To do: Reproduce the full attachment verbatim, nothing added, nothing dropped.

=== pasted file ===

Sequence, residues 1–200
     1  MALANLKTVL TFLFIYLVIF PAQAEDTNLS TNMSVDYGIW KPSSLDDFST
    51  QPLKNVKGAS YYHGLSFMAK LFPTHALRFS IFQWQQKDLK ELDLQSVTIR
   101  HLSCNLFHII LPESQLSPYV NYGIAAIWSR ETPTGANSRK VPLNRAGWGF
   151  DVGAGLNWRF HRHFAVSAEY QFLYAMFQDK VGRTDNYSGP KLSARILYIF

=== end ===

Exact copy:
Sequence, residues 1–200
     1  MALANLKTVL TFLFIYLVIF PAQAEDTNLS TNMSVDYGIW KPSSLDDFST
    51  QPLKNVKGAS YYHGLSFMAK LFPTHALRFS IFQWQQKDLK ELDLQSVTIR
   101  HLSCNLFHII LPESQLSPYV NYGIAAIWSR ETPTGANSRK VPLNRAGWGF
   151  DVGAGLNWRF HRHFAVSAEY QFLYAMFQDK VGRTDNYSGP KLSARILYIF